This is another reason why photography cannot serve the same function as painting. In a society where people are desensitized to contradictions, photography can highlight the existing conflicts. (I imagine a prosperous European society, past its major transitions, with the poor and immigrants sequestered in their own neighborhoods.) But in a society where people are bombarded by images that demand a conversation because history has sped up, the surface reality that photography captures can too easily approach the mundane. Whatever contradiction it might quote, chances are the viewers have already noticed in their daily lives. The successful photograph in today's Iran, rather, is one that can portray a consistency -- these being so rare, so abnormal.
The attention that the photograph pays to a scene is momentary (except in the case of posed photographs and collages), whereas painting implies sustained attention, struggle with the subject matter. As images turn into paintings, they present the subconscious of the painter and of the image, as well, which has inspired this sustained attention and effort.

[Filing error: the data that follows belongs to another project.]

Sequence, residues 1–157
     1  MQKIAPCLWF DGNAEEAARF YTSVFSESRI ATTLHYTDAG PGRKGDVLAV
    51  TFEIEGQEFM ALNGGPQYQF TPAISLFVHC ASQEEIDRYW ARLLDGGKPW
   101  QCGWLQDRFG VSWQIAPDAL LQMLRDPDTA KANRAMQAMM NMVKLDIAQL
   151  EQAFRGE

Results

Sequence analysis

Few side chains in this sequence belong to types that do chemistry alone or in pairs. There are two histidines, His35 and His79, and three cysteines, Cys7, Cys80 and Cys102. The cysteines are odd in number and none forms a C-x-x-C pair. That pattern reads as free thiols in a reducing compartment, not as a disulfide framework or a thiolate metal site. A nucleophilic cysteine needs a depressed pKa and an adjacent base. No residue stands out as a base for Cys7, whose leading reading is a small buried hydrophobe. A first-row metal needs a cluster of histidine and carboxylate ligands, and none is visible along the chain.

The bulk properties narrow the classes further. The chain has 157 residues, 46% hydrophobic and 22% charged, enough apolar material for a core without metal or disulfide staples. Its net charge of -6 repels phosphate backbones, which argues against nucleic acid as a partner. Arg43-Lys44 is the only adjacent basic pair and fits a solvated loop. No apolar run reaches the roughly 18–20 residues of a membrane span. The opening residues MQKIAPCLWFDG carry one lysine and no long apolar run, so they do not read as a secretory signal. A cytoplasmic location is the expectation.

The central contradiction of the painting is embodied in the white plane. No photograph, of course, could have captured it. The plane is flying too close to the ground. The sky it navigates bends like a cup to contain its flight. There is no clear way to talk about what it represents. One should know something about the role that the possibility of emigration plays in the Iranian mind. One should know something about the paradox of its dream: the more you enter the social life of your country, the more you think about leaving it altogether. Emigration is precisely the type of ever-present contradiction that has yet to find its honest, eloquent dialogue. Any talk of emigration signals the end of another conversation: It comes up as the last resort, as a way out of confronting the problem, the hokey hope of the hopeless.